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Sherlock Ohms

There's a Mystery Glitch in the Pipe Organ

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Beth Stackpole
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Tried and true engineering skills
Beth Stackpole   9/24/2012 7:37:55 AM
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Nice story and an on-going lesson for up-and-coming engineers that despite the complexities of today's products and tool platforms, patience and persistence as well as a thirst for curiousity and an eye for creative problem solving are still the tried and true foundational skills for good engineers. Thanks for sharing.

naperlou
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Re: Tried and true engineering skills
naperlou   9/24/2012 10:24:19 AM
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Beth, I agree with you.  That was an interesting story and a very interesting problem.  There is no way to teach such skills.  You just have to work with the equipment and understand it at many levels to find a solution. 

Rob Spiegel
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Re: Tried and true engineering skills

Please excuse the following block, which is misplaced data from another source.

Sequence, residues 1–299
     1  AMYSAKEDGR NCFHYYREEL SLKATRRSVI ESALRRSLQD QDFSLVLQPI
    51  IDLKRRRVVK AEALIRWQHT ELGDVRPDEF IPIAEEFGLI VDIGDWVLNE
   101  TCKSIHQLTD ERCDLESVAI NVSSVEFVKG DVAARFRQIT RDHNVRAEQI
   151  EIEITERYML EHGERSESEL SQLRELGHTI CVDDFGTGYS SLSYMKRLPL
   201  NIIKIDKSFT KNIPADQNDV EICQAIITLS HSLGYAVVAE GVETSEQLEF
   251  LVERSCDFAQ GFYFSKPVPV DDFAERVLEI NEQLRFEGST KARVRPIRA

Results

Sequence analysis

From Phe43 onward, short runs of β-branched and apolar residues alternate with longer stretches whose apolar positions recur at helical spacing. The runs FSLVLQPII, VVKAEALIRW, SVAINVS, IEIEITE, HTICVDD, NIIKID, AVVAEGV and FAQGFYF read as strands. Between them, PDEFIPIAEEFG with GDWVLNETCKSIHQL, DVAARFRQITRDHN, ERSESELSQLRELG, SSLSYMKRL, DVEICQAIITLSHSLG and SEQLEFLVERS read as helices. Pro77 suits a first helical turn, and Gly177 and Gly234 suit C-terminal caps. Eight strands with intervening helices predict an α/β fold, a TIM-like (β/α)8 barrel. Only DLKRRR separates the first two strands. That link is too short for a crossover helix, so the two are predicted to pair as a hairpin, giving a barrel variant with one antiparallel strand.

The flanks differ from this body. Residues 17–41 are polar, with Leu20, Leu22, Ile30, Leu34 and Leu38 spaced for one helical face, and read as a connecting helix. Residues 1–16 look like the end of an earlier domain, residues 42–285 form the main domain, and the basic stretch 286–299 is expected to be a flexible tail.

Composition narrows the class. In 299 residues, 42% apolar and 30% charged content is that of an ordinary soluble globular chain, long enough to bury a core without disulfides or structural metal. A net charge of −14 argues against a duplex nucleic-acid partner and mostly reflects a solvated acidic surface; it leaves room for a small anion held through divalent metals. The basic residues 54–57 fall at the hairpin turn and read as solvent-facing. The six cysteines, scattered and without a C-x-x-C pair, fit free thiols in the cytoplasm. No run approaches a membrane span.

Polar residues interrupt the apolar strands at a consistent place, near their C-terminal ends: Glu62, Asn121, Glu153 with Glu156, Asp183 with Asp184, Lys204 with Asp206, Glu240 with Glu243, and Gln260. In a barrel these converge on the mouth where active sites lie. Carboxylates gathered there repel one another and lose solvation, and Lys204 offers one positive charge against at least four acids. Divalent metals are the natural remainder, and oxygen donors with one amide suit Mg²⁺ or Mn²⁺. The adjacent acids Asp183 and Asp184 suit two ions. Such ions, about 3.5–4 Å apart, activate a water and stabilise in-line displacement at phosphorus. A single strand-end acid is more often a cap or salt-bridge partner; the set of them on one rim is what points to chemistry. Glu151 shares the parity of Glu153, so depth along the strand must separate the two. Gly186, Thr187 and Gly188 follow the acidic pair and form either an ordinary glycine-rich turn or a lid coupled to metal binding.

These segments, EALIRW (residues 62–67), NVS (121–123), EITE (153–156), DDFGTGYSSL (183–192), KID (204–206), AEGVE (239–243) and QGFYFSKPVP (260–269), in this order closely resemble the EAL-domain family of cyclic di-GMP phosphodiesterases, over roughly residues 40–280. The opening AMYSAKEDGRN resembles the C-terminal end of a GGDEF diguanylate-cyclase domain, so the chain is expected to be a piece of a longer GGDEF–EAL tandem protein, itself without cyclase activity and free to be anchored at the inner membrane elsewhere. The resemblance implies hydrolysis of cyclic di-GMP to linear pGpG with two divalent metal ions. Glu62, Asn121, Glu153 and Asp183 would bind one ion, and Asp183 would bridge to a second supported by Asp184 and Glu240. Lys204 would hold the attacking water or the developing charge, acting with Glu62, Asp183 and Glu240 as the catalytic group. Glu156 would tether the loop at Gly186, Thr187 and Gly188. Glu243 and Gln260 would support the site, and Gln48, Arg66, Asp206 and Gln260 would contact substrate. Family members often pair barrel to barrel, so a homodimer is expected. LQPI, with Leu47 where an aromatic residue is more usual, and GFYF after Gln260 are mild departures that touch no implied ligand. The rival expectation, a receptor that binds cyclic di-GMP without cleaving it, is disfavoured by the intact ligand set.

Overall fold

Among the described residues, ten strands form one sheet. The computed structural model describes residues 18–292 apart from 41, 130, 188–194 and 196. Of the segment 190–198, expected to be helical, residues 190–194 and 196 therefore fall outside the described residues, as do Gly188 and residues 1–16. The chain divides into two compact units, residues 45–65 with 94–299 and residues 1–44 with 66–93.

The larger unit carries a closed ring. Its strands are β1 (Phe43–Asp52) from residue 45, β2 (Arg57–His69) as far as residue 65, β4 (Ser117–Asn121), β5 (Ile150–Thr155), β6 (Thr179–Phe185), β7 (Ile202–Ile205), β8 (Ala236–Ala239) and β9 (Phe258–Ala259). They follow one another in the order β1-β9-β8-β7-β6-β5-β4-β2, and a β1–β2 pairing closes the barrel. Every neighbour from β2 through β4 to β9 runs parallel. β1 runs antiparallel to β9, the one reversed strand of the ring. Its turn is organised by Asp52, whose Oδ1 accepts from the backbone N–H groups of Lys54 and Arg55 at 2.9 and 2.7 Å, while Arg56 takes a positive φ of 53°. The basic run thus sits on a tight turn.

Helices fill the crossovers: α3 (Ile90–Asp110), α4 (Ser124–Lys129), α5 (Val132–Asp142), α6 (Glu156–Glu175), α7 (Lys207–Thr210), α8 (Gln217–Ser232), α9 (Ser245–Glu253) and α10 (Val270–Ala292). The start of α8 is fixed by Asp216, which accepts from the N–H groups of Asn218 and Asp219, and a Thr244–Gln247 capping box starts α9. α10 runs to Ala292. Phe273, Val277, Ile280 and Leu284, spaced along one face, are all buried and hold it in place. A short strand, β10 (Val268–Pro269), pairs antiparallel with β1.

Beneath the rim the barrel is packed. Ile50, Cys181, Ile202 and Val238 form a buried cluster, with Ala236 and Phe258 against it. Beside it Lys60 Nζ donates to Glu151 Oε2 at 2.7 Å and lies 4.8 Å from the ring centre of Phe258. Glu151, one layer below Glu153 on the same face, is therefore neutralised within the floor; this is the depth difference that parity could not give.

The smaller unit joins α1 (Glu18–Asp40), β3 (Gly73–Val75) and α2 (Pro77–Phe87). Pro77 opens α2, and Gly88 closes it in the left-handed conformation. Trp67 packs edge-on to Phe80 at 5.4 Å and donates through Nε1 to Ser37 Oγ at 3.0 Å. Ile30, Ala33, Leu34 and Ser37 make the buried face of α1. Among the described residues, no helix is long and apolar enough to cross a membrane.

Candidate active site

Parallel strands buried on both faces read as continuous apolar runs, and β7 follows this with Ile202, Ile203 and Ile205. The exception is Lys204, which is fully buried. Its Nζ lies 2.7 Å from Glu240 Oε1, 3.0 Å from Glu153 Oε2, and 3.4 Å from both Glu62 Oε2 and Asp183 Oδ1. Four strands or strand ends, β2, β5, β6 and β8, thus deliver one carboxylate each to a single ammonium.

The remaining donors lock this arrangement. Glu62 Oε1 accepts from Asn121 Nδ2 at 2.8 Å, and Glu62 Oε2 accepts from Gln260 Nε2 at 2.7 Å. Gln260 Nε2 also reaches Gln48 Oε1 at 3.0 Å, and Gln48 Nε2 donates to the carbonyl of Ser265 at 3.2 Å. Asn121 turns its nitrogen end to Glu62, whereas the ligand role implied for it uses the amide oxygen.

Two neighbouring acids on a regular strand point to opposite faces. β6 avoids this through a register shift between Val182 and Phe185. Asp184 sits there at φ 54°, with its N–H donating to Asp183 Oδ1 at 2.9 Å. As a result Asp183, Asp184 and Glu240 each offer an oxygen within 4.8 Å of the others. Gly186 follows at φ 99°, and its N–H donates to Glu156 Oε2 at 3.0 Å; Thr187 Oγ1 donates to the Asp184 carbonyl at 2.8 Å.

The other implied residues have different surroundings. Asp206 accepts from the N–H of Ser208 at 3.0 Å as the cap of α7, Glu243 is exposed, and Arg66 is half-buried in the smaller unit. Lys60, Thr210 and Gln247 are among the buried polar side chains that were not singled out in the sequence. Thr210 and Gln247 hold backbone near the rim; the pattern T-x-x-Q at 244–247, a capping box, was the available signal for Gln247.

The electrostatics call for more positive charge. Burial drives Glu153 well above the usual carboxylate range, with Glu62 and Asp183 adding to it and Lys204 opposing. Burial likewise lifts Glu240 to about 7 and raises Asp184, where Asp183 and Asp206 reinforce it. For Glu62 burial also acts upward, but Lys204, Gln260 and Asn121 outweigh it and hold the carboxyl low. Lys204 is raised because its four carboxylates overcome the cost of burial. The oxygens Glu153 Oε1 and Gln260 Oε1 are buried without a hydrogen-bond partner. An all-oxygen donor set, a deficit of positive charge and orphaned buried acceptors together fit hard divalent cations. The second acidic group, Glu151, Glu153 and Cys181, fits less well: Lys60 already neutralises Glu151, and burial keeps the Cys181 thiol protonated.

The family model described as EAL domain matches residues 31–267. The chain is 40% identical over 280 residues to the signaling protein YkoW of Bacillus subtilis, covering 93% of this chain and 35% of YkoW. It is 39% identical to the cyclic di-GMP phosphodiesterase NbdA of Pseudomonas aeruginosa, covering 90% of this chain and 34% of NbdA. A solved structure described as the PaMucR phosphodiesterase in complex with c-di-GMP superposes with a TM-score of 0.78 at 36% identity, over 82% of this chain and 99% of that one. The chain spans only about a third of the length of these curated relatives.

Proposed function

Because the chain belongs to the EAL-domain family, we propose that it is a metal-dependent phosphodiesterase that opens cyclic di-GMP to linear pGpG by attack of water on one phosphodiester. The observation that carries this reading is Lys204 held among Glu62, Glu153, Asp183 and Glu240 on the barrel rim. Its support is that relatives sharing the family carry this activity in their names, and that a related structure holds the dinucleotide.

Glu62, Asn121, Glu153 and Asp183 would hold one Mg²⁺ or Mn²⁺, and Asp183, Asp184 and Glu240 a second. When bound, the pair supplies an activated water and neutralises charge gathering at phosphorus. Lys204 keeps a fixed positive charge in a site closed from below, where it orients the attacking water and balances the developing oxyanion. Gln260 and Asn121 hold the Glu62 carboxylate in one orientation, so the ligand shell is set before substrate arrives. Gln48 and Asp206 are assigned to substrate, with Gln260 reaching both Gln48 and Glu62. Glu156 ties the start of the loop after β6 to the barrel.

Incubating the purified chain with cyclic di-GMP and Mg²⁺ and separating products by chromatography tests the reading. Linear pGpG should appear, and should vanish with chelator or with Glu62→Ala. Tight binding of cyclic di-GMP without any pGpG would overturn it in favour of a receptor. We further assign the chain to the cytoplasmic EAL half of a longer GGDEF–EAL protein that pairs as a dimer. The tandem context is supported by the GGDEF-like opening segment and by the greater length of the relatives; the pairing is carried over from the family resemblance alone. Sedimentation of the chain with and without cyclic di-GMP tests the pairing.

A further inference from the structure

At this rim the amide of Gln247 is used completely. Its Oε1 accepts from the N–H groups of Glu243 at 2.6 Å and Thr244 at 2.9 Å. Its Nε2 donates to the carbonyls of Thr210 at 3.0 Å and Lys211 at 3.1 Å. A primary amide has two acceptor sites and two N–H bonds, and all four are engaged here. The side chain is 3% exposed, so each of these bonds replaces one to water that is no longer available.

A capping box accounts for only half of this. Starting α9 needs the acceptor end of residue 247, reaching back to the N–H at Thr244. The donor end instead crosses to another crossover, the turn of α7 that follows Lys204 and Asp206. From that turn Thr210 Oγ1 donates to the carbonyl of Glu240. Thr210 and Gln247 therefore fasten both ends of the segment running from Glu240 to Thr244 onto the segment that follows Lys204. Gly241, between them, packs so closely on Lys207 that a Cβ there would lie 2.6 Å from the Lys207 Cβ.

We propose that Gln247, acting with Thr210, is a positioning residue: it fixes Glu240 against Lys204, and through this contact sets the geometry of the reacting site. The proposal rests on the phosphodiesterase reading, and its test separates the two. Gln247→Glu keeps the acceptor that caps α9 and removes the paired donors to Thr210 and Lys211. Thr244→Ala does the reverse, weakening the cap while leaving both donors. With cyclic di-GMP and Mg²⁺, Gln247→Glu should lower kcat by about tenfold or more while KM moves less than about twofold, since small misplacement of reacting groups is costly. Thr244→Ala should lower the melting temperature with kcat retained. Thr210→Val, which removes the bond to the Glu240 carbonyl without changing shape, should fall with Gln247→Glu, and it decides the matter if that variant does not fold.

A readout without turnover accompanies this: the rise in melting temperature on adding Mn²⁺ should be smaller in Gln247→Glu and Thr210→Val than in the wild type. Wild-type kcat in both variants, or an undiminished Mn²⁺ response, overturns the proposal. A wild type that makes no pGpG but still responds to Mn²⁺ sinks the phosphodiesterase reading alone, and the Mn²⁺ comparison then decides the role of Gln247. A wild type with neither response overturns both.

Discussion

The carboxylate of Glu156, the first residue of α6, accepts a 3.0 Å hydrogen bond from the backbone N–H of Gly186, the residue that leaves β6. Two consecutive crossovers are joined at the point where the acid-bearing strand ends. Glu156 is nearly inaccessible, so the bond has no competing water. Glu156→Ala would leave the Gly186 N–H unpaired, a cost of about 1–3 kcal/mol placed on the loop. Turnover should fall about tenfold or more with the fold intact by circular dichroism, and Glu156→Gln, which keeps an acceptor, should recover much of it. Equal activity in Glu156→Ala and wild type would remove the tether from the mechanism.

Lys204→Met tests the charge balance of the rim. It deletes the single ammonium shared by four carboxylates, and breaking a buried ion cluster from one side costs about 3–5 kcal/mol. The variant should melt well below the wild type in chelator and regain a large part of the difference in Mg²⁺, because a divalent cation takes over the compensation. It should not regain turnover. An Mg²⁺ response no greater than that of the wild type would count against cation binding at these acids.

Rob Spiegel   9/24/2012 9:31:19 PM
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Good point, Naperlou, One thing a really like about this solution is how those who built the pipe organ worked to replicate the problem 600 miles away. This is reminiscent of how the Apollo 13 problem was solved. Those in Houston tried to replicate the materials those in the spacecraft has so they could use those materials to solve the problem.

naperlou
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Re: Tried and true engineering skills
naperlou   9/24/2012 11:01:06 PM
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In the software world, SAP does the same thing.  They are very specific about what hardware, system software and middleware can be used with their ERP products.  This is a real pain, until you have a problem that needs fixing.  With a certified installation, they have the test fixtures for all valid combinations and can run in the same environment that you have.  It allows them to give a very high SLA.

Rob Spiegel
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Re: Tried and true engineering skills
Rob Spiegel   9/25/2012 5:58:45 PM
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Interesting point, Naperlou. At the beginning, I would imagine it's a pain to have to follow SAP's system requirements. Yet I can see that would give SAP some control over keeping the system working correctly.